(3) No abuse of discretion was shown by the record.
The appellant in the proceedings above described contended that such undetermined claims were without foundation and were asserted as part of a "collusive effort" or a "conspiracy" to give one of the claimants a preference and to continue the operation of the business of the defendant corporation in hands acceptable to the lessors and to the receivers, and it was held, that
(1) The words "collusive effort" and "conspiracy" import moral obliquity, which should not be presumed and could not rest upon surmise or conjecture;
(2) The general principle, that every presumption is to be indulged in favor of good faith and honesty of the parties assailed, was supported by categorical findings by the trial judge, and, the record disclosing no facts which would justify a contrary inference, the contention was without foundation.
In the decree of sale above described, it was proper to include clauses to the effect (1) that the sale should not be completed by delivery of possession, control and operation of the business until either the time for taking appeal had expired or the decree should be finally affirmed after appeal, and (2) that in the meantime the receivers should continue in possession, operation and control of the business for account of the purchasers if the sale went through; otherwise, for their own account.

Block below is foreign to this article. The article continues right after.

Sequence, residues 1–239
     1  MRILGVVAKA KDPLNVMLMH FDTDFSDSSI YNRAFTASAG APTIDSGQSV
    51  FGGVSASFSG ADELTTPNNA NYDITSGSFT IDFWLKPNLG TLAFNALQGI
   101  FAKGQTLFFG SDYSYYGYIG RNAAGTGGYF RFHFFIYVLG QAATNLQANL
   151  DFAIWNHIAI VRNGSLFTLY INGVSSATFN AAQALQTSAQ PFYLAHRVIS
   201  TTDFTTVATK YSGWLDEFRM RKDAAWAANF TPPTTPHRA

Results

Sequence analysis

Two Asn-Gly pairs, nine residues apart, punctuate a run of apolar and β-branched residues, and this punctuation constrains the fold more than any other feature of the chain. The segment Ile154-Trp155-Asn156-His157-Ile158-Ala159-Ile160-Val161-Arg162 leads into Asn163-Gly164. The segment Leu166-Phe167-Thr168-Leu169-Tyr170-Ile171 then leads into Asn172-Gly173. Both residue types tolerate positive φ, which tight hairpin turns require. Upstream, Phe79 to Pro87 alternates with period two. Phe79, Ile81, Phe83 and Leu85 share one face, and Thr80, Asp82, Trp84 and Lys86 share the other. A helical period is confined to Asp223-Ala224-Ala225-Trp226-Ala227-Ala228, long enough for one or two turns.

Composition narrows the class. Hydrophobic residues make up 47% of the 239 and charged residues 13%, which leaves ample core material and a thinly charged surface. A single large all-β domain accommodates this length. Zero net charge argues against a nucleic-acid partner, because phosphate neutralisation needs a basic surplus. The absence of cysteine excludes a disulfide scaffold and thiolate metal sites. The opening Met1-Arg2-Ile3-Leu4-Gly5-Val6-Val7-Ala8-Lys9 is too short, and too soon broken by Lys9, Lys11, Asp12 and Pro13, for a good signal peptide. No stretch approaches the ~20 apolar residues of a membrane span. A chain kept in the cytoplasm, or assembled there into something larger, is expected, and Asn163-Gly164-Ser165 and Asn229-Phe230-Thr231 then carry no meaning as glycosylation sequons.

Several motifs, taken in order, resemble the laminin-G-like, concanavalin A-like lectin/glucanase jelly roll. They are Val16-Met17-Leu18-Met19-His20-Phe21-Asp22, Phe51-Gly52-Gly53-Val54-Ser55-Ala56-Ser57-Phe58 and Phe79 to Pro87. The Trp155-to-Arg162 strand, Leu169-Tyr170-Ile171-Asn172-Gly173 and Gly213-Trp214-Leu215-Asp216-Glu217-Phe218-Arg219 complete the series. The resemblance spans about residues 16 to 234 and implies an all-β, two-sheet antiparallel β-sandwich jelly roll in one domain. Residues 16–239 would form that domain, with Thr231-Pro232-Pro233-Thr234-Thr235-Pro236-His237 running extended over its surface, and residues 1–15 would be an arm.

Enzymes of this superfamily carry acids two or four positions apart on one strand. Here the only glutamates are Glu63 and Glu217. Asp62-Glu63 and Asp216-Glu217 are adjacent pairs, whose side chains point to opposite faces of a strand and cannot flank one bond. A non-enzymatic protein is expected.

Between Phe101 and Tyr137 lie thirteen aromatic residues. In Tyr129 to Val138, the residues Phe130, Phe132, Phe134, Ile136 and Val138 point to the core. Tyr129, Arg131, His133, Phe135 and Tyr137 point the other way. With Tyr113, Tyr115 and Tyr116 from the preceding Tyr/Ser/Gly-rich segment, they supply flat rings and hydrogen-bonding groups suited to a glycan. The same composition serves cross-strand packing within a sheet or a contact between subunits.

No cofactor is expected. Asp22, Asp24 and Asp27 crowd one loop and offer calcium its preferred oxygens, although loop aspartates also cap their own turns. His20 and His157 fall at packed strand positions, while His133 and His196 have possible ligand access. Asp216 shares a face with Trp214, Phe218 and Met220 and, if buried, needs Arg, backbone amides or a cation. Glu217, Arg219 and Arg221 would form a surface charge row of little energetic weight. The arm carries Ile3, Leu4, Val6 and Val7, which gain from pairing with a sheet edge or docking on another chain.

It was within the power of the court to enter a decree in the proceedings above described on the same day as, but before the entry of, the decree of sale, on joint petition by the lessors of parcels of real estate occupied by the defendant corporation, granting to the respective lessors permission to enter upon their respective premises to terminate their respective leases for any default existing in the performance of the terms and conditions of the leases and to repossess themselves of their premises, and permitting the receivers to occupy the premises as if there had been no reentry until the further order of the court; and, the record disclosing no facts and no evidence respecting such decree, an appeal therefrom by the same creditor who appealed from the decree of sale was without merit.